In 25 years of life, I have learned that people are prone to conflict. We always seem to distinguish ourselves from others while at the same time forming allies with those we think are more like ourselves. This is the famous process of “us” versus “them.”
We all do this in our daily lives- surrounding ourselves with people we like while keeping at a distance those we find “strange,” to say the least.
Here is my message of love. One that looks past what horrid acts someone might have done and focuses only on the individual and their ability to accept love and return the same.
But why love? Isn’t it harmless to keep at a distance? Or why not hate?
Here’s why: hate only changes the individual that lugs it around in their soul. It consumes them, lighting a fire in them that ultimately leads to destruction- either their own or that of the person they despise. While keeping at a distance neither changes you nor the other person you don’t care much for.
But love? Love changes everyone. Every. Person.
It changes the person who loves, who suddenly catches themselves questioning simple things they thought for sure would never change. Suddenly, for example, you start going to church, or enjoying karaoke, or taking yoga classes. Loving someone expands your horizons, it enlarges your world such that suddenly you have new ideas on deeply rooted views you thought would never change. Loving someone adds another person’s opinions to your own. And even if you refuse to accept them, you’re still introduced to them and you still need to decide how to deal with them. Everybody knows someone who changed once they fell in love. This is nothing new.
But the extraordinary special thing about love is that the change occurs both ways. For in knowing you are loved, you realize your worth, your values, and in turn you find yourself.
I know it’s hard to think of love in a non-romantic way. But love is much more than what goes on between lovers. It is the ability to not harbor hatred for a mass-murderer, to look beyond his actions and to see the human being that’s underneath. To understand all of us have a past, baggage, history. We are all results of our upbringing and of the society around us. When you think of this, the fact that we are all affected by our surroundings, why would you choose a message of hate instead of love? Why would anyone choose to focus on the differences between us rather then the unifying characteristics? That we are all human, that we all want love, that we all need to feel like we matter, even if in some small gesture or “thank you” or flash of a half-smile when we are walking down the street.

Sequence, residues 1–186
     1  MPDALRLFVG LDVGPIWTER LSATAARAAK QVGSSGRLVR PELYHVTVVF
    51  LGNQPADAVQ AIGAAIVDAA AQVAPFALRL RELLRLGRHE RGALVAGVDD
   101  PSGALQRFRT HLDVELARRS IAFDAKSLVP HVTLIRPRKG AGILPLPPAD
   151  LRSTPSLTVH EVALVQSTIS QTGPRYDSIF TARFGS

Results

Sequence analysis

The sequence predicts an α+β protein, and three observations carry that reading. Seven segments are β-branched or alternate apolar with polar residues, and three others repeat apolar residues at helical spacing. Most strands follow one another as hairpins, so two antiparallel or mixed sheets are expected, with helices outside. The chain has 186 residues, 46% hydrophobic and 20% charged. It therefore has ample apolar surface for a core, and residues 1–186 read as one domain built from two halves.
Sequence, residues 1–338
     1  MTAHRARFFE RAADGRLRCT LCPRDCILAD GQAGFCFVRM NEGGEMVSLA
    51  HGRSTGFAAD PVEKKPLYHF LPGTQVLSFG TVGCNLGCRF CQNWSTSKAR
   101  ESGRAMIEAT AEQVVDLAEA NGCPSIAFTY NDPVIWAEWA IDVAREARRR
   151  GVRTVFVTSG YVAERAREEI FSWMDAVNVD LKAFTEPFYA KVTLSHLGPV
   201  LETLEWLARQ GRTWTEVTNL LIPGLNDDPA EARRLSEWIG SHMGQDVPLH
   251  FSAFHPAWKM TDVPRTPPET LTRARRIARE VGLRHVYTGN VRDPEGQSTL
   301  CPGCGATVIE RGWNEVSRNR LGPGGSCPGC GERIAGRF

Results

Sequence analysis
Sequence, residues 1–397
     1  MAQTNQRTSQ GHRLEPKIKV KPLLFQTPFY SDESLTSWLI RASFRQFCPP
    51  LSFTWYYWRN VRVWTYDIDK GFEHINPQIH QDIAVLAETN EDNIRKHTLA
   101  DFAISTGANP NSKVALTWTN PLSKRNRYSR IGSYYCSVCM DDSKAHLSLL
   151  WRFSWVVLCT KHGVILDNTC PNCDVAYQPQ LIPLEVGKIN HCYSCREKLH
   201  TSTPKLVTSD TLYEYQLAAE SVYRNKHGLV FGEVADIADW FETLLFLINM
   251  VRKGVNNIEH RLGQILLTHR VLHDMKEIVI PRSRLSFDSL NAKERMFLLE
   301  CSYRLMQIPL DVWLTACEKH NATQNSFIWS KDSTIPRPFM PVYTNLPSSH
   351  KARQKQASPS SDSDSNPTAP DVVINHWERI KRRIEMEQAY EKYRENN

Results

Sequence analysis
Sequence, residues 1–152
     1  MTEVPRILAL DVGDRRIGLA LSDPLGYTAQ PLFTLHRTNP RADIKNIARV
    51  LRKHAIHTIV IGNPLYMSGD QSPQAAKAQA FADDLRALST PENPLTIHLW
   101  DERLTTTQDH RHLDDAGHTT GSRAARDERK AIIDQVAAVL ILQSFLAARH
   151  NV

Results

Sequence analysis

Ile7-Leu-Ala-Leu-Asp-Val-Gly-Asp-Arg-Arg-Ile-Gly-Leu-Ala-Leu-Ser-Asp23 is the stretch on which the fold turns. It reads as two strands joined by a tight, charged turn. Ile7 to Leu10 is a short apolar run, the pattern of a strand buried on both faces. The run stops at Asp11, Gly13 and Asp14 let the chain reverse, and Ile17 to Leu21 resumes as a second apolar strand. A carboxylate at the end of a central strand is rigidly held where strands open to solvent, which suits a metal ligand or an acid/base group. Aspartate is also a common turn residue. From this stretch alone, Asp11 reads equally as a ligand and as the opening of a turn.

I think about society today. I think about the many people that were raised with me and who had the same values instilled in them yet turned out the absolute contrary way than the message of love I write about today. If we could just stop separating ourselves, creating the “them” we have become so used to, and just try to love each other, regardless of preconceived notions we have on who and what they are, we all might just be happy together. If we could stop creating our own judgments of others based on their chosen lifestyle and just loved them, we would see a transformation in their lives. And we all might just have peace and experience a side of humanity not many people have gotten to see.
One word, four letters: Love.
It should not be just a verb selected for the special few in your life. Practice it, live it, every day, with every person you encounter. Smile at the clerk, the homeless person in the corner, say kind words to those who might not say them to you, and if someone stops you on the street, dont’ retract, don’t pull back, talk to them like you would with a close friend.
And maybe, just maybe, we’ll change society along the way.